Tzu Chi volunteers not only discipline themselves to live an environmentally sustainable life, they also encourage others to care for and heal the earth. They try to purify not only the external landscape, but also the inner fields in every personj's mind. Environmental protection starts with the heart and mind. If you have a joyful heart and an enthusiastic mind, you will seize every chance to inspire others to do good.

In the Buddha's time, monks went from door to door to beg for alms and to cultivate good relationships with people. In Taiwan, Tzu Chi volunteers also go from store to store on the streets and invite store owners to put up posters printed with Still Thoughts aphorisms. The volunteers hope to bring some spiritual nourishment to the general public and help nurture the kindness in everyone's heart.

Let us hope that seeds of kindness will thrive and grow into lush forests, so that we can leave a clean and hospitable world for future generations. When we can caress the wounded land with our limitless love, it will begin to get well.

When people are discontent, they always crave more external things, and thus they live a spiritually deprived life. On the other hand, when people are content with what they have and know to appreciate their blessings, they give others their love and so become the richest people in the world.

We are the richest people in the world if we live with contentment and love and cherish what we already have. We are the poorest if we are discontent, when we have one thing but crave nine more. When materially rich people can roll up their sleeves to serve society and help others, their lives surely become invaluable and meaningful. True wealth, both material and spiritual, will then be theirs.

In Zhonghe, Taipei County, there is a recycling volunteer, Xu Qin-lin (許欽琳). Over 70, he is the managing director of a large financial holding company. Despite his tightly packed schedule, seven years ago he took the time to enroll in the Tzu Chi Tzu Cheng Faith Corps training class. During that training period, he never missed a single class or a volunteering opportunity.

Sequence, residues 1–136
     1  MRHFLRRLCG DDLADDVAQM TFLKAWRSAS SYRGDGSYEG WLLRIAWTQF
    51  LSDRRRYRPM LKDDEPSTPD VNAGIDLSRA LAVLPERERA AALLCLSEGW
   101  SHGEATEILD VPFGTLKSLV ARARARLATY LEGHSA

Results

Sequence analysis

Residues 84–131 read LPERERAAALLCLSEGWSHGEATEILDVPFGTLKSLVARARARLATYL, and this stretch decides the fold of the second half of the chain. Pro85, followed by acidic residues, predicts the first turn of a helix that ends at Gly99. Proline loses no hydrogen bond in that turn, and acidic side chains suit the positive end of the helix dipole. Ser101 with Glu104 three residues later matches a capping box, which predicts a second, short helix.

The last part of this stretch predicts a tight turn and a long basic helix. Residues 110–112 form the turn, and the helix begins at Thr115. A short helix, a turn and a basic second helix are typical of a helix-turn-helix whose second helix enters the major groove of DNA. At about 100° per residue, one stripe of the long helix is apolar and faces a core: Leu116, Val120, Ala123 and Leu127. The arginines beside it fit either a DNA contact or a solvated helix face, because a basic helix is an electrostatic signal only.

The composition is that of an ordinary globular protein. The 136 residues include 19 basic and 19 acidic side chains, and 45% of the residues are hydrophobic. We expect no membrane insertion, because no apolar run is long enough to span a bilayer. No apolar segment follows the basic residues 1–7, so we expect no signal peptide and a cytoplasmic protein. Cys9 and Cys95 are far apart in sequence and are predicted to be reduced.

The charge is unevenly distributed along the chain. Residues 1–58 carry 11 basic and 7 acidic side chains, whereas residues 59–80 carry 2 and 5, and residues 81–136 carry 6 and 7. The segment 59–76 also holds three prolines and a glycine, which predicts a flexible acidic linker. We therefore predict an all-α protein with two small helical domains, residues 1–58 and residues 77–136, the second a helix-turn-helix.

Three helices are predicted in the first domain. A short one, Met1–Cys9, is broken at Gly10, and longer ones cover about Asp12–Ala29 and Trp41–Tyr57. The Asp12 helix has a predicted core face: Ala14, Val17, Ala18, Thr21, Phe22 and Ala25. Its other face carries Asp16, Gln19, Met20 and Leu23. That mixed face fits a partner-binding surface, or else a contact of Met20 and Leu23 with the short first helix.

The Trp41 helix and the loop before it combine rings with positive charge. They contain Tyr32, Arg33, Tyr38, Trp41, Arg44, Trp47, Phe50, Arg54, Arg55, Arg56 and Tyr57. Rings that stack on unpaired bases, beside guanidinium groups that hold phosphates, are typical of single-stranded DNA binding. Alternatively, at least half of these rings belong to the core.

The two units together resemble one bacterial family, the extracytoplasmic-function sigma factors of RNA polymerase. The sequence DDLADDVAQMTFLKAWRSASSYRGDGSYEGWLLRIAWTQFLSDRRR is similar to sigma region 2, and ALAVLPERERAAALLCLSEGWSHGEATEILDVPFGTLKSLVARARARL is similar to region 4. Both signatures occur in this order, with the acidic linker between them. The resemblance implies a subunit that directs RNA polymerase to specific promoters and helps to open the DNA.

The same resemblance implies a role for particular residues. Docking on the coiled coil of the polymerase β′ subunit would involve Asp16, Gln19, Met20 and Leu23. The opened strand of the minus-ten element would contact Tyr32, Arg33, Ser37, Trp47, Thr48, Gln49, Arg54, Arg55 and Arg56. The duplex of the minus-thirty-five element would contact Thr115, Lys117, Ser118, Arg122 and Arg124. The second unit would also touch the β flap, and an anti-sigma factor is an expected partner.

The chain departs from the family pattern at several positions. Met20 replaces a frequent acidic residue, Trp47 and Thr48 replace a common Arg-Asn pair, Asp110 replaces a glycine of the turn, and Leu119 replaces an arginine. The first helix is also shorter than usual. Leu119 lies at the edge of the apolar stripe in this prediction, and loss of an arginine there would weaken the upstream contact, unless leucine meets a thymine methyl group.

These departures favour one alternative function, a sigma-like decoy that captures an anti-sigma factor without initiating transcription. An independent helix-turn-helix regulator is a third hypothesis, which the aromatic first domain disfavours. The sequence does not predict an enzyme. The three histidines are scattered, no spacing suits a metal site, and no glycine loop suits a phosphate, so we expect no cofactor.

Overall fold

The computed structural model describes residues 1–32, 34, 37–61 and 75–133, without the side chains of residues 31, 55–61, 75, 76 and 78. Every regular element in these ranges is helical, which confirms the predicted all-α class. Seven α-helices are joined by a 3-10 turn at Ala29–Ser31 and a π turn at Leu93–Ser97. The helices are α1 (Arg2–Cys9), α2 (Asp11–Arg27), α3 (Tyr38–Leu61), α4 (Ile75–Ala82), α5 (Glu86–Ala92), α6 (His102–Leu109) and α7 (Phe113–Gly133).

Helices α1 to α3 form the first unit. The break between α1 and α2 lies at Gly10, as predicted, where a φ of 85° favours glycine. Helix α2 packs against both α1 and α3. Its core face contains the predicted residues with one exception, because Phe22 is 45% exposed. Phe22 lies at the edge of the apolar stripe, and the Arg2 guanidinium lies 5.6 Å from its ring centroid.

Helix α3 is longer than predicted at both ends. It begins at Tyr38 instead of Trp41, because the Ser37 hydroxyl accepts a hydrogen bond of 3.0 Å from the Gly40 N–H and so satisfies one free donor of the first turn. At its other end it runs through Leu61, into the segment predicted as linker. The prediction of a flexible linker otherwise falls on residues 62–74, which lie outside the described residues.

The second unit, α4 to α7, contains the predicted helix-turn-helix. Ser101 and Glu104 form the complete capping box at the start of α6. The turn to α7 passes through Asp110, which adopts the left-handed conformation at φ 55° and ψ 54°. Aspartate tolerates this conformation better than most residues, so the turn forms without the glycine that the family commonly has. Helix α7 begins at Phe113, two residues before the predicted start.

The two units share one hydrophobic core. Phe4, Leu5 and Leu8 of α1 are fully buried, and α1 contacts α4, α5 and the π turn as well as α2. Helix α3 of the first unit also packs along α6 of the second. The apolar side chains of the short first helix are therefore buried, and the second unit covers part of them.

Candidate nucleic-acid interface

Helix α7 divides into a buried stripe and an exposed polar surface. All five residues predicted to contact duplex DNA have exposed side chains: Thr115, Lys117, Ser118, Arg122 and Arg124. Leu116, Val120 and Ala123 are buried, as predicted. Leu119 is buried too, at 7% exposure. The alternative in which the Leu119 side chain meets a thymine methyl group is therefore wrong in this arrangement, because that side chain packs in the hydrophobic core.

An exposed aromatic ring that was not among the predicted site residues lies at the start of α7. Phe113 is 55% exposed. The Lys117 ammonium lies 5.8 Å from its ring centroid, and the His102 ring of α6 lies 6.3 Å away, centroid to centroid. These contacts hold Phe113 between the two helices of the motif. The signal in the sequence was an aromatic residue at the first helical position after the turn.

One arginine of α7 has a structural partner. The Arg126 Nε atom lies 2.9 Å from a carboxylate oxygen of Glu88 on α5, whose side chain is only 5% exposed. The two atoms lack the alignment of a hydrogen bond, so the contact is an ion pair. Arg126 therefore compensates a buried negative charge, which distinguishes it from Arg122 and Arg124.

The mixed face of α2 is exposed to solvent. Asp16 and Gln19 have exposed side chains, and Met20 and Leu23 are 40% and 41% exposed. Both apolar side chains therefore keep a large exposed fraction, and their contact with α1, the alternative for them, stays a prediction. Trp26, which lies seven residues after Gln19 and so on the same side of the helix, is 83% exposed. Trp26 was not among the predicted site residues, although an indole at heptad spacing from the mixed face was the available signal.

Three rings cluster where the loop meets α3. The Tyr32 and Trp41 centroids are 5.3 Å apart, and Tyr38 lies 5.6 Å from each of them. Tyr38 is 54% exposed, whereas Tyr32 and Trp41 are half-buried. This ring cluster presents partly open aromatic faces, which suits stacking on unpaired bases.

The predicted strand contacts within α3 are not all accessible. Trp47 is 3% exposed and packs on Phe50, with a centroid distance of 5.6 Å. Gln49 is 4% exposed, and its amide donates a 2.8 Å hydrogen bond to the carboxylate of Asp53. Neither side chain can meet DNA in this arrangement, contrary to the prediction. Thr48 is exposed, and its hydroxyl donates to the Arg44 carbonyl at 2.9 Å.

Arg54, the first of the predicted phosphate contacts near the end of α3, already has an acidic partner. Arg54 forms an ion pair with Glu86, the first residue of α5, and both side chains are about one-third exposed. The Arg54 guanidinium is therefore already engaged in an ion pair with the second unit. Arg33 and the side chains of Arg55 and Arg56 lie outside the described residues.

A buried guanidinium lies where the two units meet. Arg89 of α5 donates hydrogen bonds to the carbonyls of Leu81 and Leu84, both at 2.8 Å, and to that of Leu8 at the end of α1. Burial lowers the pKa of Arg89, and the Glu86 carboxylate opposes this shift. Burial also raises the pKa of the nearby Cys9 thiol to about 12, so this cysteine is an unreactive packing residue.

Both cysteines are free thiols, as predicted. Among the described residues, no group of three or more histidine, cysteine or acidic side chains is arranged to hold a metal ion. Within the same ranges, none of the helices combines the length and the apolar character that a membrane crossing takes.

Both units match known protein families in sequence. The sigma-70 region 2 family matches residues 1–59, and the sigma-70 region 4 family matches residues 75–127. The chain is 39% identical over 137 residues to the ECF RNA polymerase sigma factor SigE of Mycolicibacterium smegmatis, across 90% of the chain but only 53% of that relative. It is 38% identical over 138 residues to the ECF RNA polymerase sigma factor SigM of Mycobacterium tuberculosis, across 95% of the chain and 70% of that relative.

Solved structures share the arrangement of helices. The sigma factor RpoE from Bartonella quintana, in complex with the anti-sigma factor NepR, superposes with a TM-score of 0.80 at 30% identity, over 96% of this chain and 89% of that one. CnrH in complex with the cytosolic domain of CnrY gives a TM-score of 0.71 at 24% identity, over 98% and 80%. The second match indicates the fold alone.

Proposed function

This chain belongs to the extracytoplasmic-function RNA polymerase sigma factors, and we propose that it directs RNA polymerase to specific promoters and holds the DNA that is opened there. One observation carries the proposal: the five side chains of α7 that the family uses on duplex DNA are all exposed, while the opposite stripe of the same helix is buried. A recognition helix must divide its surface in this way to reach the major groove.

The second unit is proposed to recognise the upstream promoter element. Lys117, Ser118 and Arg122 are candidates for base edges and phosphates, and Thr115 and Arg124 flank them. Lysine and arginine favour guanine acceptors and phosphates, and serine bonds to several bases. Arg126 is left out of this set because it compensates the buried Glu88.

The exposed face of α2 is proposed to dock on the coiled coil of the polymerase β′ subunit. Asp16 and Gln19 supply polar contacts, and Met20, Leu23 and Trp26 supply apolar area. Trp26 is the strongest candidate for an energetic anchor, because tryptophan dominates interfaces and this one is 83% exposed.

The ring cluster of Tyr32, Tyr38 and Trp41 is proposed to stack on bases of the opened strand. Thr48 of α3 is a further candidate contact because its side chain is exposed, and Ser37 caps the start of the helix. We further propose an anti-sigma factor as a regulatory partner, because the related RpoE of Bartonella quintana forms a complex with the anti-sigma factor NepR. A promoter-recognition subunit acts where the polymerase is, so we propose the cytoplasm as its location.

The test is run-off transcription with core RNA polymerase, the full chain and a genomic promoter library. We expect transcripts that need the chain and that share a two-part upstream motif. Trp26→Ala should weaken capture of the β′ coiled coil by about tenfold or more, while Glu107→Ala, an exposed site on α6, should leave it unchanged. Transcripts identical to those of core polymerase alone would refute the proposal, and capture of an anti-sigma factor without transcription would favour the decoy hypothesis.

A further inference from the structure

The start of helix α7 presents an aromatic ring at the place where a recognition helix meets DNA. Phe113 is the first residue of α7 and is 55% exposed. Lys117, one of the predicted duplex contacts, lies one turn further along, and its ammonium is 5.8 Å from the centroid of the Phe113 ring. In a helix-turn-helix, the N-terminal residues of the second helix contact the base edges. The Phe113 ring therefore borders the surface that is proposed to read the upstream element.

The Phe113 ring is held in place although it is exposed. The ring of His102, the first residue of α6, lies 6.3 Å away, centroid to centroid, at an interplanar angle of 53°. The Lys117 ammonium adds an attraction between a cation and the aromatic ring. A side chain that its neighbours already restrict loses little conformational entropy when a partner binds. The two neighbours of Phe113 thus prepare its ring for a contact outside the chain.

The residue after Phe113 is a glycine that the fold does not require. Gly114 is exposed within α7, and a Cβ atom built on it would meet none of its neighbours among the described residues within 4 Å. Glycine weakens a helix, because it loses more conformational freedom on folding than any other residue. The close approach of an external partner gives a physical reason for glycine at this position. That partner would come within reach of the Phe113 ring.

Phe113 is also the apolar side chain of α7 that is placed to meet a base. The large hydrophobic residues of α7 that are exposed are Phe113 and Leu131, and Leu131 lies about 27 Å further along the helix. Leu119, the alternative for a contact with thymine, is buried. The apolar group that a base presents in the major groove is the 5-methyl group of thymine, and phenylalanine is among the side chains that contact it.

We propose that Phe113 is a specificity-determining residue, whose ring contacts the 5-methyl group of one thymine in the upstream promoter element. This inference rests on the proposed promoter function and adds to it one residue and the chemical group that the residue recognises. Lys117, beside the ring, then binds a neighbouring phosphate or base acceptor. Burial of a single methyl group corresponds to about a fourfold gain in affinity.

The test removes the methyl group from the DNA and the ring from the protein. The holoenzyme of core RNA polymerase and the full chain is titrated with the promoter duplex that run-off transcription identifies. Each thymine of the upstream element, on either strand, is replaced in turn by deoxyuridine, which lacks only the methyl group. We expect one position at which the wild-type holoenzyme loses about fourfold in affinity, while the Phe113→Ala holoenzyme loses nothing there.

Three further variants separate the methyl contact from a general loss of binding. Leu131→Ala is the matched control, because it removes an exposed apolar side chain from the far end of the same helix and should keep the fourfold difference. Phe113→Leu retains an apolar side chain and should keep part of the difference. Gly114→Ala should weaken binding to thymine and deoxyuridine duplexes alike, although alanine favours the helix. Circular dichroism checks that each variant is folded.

Today Xu devotes at least ten days a month to volunteer activities. Of all the volunteer work he performs, his favorite is recycling. He thinks it is the duty of everyone to protect the world because only then can this planet survive. He doesn't mind getting his hands dirty and doing heavy lifting jobs. Through recycling he has learned the invaluable lesson of humility.

The Tzu Chi Foundation was originally called the Tzu Chi Merit Society. How do we define merit? Actually it begins with humility. When a person is humble inside and polite outside, it is the best example of true merit. Xu does not feel that he is any different from others just because of his wealth and status. By dedicating himself to volunteering, he has inspired his family, neighbors, and co-workers to volunteer along with him. People respect him not because of his wealth, but because of his loving actions.

Being truly rich or poor depends on our inner thoughts. When a person is materially poor and his mind is only occupied with thoughts of worry and greed, he is spiritually deficient. A truly wise person will give a part of his wealth, even if he is very poor, to help others. By giving to others, you can lead a more rewarding and happy life. A foolish person spends their entire precious existence always trying to accumulate more and worrying about how much they are gaining or losing. In Tzu Chi, there are people like Xu who are affluent both materially and spiritually. Likewise, there are many more volunteers who are not well-to-do, but who are still willing to donate their time and energy by working hard to help others. No matter how much or how little, each sincere donation has enormous power and strength. Even a little candle can illuminate a room that has been dark for thousands of years. What matters is not how much you can give, but that you nurture the love in your heart and do good deeds whenever possible. When you open your heart and give love, you are on the way to a truly wealthy life.

It is such a blessing that when you are hungry you have food and water available and that your body functions normally so you can eat, drink, be nourished and survive. This is a situation that should not be taken for granted. Indeed, it is something to feel truly grateful for. But most of the time we take our health, food, and water for granted. There are many people in this world who are desperate for a drop of clean water to quench their thirst. Knowing how lucky we are, we should do more and help more people in order to cultivate our blessings.

Life becomes truly valuable when you serve others with gratitude and love. In your everyday life, you should choose to do only the right and good. A good habit, a word of comfort, or even a friendly smile can all create good karma and send out waves of goodness. Do not let the smallest chance to serve others pass you by, because even grains of sand can be gathered together to form a castle. Do not commit even the smallest of bad deeds. When pooled together, insignificant drops of water can form a flood strong enough to capsize a ship. Thank you all!

By Dharma Master Cheng Yen
Translated by Teresa Chang